D.C.

FCC to address inmate phone charges

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WASHINGTON (AP) - A decade after families of prison inmates asked for action, the Federal Communications Commission is moving to limit how much companies can charge for phone calls from behind bars.

The FCC was scheduled to vote Friday on a proposal to cap interstate phone rates at 21 cents a minute for debit or prepaid calls and 25 cents a minute for collect calls. Companies wanting to set higher rates would have to file a waiver and could not charge more until that waiver was granted.

Phone rates now fluctuate depending on the provider, the type of call and size of prison facility.

The FCC has said inmates, or those who pay their bills, are being charged fees of 50 cents to $3.95 to place a call, plus additional per-minute rates ranging from 5 cents to 89 cents. In some cases, a 15-minute call has cost $17 and numerous fees have been tacked onto the call charges. Inmates' families, many of them poor, usually are stuck with the bills. For security, inmates are not allowed to have cellphones.

Phone service providers and some law enforcement and government officials have resisted a phone rate limit, arguing the money helps pay for security, activities for inmates and general telephone infrastructure.

Often jail and prison operators take a share of the phone charges, which has contributed to higher rates. The FCC and providers call the practice profit-sharing commissions, but families call them kickbacks.

Years of study have built a consensus among law enforcement, criminal justice experts and policymakers that contact with family and friends reduces inmate recidivism, which benefits public safety and cuts taxpayers' costs for prisons and jails.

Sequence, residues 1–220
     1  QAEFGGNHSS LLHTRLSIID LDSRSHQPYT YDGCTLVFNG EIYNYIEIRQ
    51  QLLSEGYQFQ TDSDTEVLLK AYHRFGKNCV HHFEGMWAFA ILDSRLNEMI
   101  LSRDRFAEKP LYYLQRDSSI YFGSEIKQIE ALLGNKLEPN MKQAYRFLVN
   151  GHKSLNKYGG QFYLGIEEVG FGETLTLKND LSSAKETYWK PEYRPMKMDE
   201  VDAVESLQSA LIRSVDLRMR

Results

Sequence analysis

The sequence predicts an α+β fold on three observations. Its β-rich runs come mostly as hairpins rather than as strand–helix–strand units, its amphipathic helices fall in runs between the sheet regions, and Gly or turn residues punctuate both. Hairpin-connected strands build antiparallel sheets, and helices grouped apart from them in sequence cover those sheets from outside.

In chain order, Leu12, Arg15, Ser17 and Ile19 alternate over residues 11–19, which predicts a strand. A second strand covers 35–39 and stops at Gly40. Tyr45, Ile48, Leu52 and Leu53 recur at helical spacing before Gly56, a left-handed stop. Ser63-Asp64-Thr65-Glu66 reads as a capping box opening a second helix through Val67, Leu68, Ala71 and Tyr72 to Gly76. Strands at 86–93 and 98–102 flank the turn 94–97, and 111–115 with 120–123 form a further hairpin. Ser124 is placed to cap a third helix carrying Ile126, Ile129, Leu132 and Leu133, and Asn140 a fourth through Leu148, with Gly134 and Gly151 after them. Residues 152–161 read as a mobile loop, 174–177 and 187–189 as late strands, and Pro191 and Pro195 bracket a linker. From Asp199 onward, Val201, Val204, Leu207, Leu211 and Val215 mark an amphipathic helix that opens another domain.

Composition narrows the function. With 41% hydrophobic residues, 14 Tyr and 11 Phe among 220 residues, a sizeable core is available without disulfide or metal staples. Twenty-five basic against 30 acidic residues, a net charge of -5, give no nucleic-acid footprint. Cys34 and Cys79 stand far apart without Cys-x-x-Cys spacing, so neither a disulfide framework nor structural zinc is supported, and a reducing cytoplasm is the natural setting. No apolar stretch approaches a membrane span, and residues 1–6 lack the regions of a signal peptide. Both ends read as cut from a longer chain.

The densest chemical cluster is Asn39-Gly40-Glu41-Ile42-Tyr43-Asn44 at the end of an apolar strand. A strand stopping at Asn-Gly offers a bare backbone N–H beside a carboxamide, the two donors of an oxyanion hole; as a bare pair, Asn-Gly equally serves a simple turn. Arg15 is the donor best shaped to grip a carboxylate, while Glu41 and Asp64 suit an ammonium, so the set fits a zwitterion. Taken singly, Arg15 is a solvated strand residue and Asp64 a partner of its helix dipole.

"Families, friends and those who represent inmates in the legal community will finally see rate relief," FCC Acting Chairwoman Mignon Clyburn, who proposed the cap, said Thursday.

"They will finally have an affordable rate structure," Clyburn said.

The proposal also calls for requiring the phone service providers to set rates based on their costs. Charges up to 12 cents a minute for debit or prepaid calls and up to 14 cents a minute for collect calls would be considered to be "just and reasonable" rates.

The petition asking the FCC to regulate inmate phone call rates was filed in 2003 on behalf of families after a judge dismissed a lawsuit filed by Martha Wright-Reed against a private prison company. She had struggled to keep up with phone bills while her grandson was incarcerated. The judge directed her to the commission.

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